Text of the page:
-explain how the Puritan beliefs in predestination and “visible sainthood” connected with the belief in hard work and economic mobility (aka “capitalist ethos”).

-discuss the meaning of land in the English worldview during this time, and how this connected to political status.

-Compare and contrast the 3 variants of early English settlement in terms of demographics and population, economics, politics (where applicable); religion (where applicable).  Hint: think of things like “what kind of agricultural systems did they use”; “what was the ratio between  genders”? “which variants had more whole families migrate”? “which variants were more influenced by religion rather than economics”? And others….

-explain the details  of the economic theory and practice of ‘mercantilism,’ and this connects with rivalry among empires during the Age of European imperialism.

Historical Terms: push vs pull factors in human migration (generally-speaking); joint-stock company; indentured servitude; “city upon a hill”; subsistence-plus farming; visible sainthood and predestination; covenant of grace; Anne Hutchinson; Malthusian conditions

Textbook questions:

-What are the Navigation Acts?  Important: connect the Acts to the theory and practice of ‘mercantilism’ as discussed in lecture.

-how was slavery looked at by William Penn and the Quakers in Pennsylvania?  What was Penn’s ideal vision for his colony?

-Read the primary source titled “Recruiting Settlers to Carolina, 1666” (primary sources are found at the end of the chapter).   What was the ‘head-right’ system  like for the Carolina region? Why would newly-freed indentured servants want to settle in Carolina?  (important: in lecture,  I discussed the head-right system in Virginia, so this question asks you to compare both head-right systems).

Topic 3: Slavery in Virginia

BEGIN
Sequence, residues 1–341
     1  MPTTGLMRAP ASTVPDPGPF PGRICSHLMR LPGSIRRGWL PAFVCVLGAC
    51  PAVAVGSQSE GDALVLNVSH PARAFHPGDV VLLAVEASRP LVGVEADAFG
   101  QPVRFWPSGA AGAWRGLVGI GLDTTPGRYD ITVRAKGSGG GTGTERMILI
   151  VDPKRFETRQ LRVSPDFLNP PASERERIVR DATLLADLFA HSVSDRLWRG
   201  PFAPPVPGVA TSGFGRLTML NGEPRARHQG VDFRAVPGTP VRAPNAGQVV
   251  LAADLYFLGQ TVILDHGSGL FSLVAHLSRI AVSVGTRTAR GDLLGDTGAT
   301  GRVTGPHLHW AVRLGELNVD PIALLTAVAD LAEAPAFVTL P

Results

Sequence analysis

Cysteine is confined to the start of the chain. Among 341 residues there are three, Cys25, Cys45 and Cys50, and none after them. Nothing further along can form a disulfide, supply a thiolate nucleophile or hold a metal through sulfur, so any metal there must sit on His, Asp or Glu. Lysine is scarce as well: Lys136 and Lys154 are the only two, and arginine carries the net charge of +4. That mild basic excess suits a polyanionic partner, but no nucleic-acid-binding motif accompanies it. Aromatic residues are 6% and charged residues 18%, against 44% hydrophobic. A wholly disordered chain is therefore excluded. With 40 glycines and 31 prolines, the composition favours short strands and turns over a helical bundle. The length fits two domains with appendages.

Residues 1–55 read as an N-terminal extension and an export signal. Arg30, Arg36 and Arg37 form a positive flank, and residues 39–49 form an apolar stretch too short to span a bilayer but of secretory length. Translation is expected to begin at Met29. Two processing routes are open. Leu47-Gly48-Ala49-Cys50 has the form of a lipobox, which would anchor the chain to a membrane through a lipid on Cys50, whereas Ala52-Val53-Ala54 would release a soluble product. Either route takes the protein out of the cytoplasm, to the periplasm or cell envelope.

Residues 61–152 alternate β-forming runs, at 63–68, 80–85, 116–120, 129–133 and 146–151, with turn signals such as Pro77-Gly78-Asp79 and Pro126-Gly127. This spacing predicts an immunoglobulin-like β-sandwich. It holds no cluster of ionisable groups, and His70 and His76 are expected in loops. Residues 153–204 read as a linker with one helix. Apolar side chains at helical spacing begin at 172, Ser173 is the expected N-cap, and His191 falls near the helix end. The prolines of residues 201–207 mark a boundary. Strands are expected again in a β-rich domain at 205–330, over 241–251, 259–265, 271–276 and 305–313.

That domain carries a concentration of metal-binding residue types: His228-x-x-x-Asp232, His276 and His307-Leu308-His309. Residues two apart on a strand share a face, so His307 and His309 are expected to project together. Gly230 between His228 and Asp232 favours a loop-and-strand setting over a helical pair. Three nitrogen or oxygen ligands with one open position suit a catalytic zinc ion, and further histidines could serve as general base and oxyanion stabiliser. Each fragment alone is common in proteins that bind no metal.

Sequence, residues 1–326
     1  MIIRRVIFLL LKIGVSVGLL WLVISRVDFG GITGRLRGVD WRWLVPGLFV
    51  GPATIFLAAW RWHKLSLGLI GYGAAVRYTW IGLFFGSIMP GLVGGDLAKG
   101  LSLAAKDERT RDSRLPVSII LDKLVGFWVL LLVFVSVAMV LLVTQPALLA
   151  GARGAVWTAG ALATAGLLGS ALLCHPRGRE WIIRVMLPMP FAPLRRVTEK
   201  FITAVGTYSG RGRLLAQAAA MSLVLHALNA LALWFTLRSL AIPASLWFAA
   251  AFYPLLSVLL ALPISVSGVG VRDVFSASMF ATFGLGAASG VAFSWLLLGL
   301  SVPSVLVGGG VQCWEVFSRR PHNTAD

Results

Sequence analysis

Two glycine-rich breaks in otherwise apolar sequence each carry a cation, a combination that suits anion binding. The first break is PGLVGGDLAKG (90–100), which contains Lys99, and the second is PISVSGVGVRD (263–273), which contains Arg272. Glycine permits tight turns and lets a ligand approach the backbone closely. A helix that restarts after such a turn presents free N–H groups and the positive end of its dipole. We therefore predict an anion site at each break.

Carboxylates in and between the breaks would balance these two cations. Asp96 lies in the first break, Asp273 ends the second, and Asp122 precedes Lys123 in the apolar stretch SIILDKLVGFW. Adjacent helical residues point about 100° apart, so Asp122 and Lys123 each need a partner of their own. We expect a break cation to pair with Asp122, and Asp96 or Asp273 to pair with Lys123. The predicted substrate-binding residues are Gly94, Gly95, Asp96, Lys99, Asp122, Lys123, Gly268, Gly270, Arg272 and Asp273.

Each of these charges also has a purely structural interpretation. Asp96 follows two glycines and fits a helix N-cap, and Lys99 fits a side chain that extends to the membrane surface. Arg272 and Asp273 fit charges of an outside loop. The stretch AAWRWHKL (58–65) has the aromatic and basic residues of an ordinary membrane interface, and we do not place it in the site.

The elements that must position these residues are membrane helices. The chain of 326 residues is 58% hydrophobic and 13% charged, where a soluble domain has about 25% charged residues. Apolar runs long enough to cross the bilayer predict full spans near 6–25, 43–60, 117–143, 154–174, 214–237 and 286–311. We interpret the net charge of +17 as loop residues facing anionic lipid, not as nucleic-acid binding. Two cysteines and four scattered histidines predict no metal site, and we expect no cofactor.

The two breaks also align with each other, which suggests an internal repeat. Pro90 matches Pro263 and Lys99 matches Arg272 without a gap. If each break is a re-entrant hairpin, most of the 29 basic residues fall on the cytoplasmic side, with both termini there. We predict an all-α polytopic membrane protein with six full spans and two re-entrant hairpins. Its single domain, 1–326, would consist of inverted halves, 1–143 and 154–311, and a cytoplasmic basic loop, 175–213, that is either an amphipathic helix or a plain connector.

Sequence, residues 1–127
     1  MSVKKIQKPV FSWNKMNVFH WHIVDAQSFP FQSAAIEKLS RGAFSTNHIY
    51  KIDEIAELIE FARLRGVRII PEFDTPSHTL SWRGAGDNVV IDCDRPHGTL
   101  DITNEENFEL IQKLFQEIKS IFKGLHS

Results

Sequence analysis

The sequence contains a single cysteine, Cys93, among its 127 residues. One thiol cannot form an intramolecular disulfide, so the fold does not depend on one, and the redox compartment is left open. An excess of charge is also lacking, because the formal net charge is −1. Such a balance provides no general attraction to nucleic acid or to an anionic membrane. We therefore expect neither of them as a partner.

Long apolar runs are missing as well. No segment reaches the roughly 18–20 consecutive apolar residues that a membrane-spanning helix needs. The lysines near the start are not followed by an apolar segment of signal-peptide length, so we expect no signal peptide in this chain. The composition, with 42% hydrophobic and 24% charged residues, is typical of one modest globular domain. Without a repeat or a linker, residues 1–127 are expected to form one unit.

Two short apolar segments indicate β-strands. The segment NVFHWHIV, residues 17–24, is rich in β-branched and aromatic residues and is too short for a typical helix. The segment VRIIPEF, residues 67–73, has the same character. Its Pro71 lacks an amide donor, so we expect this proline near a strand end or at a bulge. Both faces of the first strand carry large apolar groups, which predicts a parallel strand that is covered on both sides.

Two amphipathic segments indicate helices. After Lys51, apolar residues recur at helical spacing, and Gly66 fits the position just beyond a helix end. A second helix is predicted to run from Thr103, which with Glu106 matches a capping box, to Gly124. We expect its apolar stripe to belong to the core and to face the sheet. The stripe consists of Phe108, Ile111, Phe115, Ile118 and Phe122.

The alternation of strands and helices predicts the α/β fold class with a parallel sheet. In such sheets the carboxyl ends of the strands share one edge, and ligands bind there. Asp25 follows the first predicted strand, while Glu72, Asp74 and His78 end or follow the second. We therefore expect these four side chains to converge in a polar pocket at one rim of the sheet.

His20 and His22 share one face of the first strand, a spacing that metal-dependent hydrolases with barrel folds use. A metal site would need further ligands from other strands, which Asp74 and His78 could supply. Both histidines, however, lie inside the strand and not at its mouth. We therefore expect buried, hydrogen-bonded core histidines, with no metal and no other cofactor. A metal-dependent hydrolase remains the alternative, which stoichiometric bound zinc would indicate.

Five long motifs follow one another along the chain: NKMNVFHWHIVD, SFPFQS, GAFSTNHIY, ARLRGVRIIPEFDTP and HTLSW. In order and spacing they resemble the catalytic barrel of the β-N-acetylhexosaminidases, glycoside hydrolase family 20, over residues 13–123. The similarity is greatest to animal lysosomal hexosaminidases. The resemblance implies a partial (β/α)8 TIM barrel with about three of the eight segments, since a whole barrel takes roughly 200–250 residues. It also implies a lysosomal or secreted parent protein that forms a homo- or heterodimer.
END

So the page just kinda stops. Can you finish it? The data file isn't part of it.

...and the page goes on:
Study questions:

-distinguish between a ‘slave society’ and ‘society-with-slaves,’ and why this distinction is important in the evolution of slavery in the colonies.

-describe the details of the triangular trade system

-Describe how Virginia transitioned from a “servant society” (and also a ‘society-with-slaves’) to a slave society in the 1600s, focusing on Virginia law

Terms: racialized slavery; partus sequitur ventrem; perpetual slavery; middle passage


Topic; 18th Century English colonies

Study questions:

-describe the enormous change happening in the colonies in terms of population, immigration; new colonies; economics.

-the English colonies were marked by many differences between them (this goes back to decentralization); however they did share some unifying experiences across the board. Discuss these shared experiences, showing how they contributed to the process of democratization.

-what was the enlightenment, and its core beliefs? What were some English contributions to political philosophy that would eventually influence the American revolution?

Historical Terms: Great Awakening, consumerism, natural development; coverture; classical liberalism and republicanism; rule of law; public sphere; Pennsylvania Dutch; Scots Irish